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I admit it: I have neglected to directly talk about something that people who have been using Ki end up running into, and it’s about “pivot state” errors. This is something that I have been asked about a few times, and while I do describe what the error means, I, for some darn reason, just keep forgetting to write it down for others to learn about. Well know more. This sad lack of information shall end now.

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When developing Ki for SproutCore, the main goals I aim for are the following:

  1. Follow the principals laid out in David Harel’s seminal paper Statecharts: A Visual Formalism for Complex Systems.
  2. Make it intuitive to take a statechart diagram and translate it into code, and vice versa.
  3. Help reflect code that is simple, modular, extensible and maintainable.

In addition to the above, Ki needed to integrate well with SproutCore itself, meaning that it contained the all necessary functionality allowing a statechart to respond to actions and events propagated from various parts of SproutCore, and, in order to function, required the minimal amount of effort to add a statechart to an application.

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I just wanted to post a quick announcement about a special SproutCore meetup I’ll be giving on February 24th at Liberty Noodle in downtown Toronto. If you want to learn about what SproutCore is, how it works, and why you may want to think about using it for your next awesome project, then please come on out. There will even be demos of the framework used on real projects!

For more information, please check the meetup annoucement here.


A few days ago there was a post on the SproutCore Google Group by an individual asking if his code could be reviewed by people in the community. Given the request, I checked out the code from github and began to go through it. In a nutshell, I was reviewing a small SproutCore application that allows you to simply log in and log out of the application. The application makes use of Ki, a statechart framework, in order to keep track of what state the application is currently in. In addition, there are two custom views. One view represents a toolbar displaying whether you are logged in or logged out, and another view that represents a login form. The login form view also contains logic that will fake the log in procedure.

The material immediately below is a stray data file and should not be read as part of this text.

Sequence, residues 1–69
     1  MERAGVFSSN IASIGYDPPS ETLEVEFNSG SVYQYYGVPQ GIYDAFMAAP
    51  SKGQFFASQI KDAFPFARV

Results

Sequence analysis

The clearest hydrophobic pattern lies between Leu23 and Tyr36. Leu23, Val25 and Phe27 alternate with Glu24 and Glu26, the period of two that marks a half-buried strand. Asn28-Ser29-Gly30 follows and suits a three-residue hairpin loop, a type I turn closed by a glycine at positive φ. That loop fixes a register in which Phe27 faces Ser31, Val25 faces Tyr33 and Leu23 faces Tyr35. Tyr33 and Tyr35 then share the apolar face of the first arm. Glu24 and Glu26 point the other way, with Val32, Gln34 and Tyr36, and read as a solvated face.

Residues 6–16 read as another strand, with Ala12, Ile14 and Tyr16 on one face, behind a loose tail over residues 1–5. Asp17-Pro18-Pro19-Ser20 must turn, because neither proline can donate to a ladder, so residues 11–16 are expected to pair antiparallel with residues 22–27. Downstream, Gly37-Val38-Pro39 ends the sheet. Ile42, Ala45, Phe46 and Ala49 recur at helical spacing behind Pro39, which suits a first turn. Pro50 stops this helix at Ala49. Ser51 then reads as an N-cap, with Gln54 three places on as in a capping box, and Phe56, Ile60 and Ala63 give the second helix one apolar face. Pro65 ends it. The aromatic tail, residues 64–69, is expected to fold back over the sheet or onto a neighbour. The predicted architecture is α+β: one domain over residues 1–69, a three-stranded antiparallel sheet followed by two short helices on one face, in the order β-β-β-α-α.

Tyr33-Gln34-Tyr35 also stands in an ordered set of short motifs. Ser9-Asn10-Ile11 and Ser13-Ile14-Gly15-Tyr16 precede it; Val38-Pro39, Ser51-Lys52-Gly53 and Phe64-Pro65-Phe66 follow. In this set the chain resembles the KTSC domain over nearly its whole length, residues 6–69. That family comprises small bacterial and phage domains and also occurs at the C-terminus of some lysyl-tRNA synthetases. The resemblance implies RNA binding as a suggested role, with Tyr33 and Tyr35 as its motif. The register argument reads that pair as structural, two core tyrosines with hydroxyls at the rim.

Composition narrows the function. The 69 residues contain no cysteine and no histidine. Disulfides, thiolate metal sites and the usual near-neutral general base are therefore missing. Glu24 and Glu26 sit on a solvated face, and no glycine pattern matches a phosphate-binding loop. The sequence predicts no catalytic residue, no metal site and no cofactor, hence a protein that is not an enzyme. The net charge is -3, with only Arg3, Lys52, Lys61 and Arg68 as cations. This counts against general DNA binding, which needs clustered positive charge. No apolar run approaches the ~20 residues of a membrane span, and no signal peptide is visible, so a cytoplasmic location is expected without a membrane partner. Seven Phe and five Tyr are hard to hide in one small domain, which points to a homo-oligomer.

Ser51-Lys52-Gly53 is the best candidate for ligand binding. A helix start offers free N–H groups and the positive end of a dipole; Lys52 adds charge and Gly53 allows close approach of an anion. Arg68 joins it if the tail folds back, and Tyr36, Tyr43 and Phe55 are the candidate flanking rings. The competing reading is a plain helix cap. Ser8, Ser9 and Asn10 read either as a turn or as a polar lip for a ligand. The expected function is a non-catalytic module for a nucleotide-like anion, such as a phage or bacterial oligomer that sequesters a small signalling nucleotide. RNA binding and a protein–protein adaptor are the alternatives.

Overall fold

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I just wanted to send a quick thanks to everyone who swung by my lil’ old blog to read up on all things related to SproutCore. According to my WordPress year-end stats, my blog was visited 43,000 times in 2010. The most viewed post by far was my recent Why Does SproutCore Have a Run Loop and When Does It Execute? post. The next three most viewed posts were:

  1. Creating a Simple Custom View in SproutCore: Part 1
  2. Creating a Simple Custom View in SproutCore: Part 2
  3. Creating a Simple Custom List Item View: Part 1

So it would appear many of you are looking for information on how to create custom views and trying to understand SproutCore’s underlying mechanics. I’m certainly glad to help those out, and I hope to provide more information for 2011.

If you do have comments or questions, please feel free to e-mail me at

Happy New Year!